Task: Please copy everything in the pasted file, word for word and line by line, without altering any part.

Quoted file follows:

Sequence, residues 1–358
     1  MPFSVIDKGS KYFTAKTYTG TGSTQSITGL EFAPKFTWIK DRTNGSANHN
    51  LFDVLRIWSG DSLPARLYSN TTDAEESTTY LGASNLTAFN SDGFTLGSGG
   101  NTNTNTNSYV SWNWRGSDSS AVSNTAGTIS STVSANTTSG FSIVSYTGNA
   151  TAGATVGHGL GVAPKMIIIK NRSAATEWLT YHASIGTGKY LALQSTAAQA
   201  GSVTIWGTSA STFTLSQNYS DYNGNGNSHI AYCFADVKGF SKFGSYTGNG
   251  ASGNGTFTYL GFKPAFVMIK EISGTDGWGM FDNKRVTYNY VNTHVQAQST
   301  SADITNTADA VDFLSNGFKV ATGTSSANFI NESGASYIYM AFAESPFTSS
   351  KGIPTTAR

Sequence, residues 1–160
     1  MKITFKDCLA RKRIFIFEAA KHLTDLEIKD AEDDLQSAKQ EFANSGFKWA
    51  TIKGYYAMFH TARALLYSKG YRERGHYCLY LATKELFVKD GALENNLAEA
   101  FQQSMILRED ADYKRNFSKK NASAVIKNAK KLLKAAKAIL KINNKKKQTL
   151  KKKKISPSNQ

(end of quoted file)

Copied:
Sequence, residues 1–358
     1  MPFSVIDKGS KYFTAKTYTG TGSTQSITGL EFAPKFTWIK DRTNGSANHN
    51  LFDVLRIWSG DSLPARLYSN TTDAEESTTY LGASNLTAFN SDGFTLGSGG
   101  NTNTNTNSYV SWNWRGSDSS AVSNTAGTIS STVSANTTSG FSIVSYTGNA
   151  TAGATVGHGL GVAPKMIIIK NRSAATEWLT YHASIGTGKY LALQSTAAQA
   201  GSVTIWGTSA STFTLSQNYS DYNGNGNSHI AYCFADVKGF SKFGSYTGNG
   251  ASGNGTFTYL GFKPAFVMIK EISGTDGWGM FDNKRVTYNY VNTHVQAQST
   301  SADITNTADA VDFLSNGFKV ATGTSSANFI NESGASYIYM AFAESPFTSS
   351  KGIPTTAR

Sequence, residues 1–160
     1  MKITFKDCLA RKRIFIFEAA KHLTDLEIKD AEDDLQSAKQ EFANSGFKWA
    51  TIKGYYAMFH TARALLYSKG YRERGHYCLY LATKELFVKD GALENNLAEA
   101  FQQSMILRED ADYKRNFSKK NASAVIKNAK KLLKAAKAIL KINNKKKQTL
   151  KKKKISPSNQ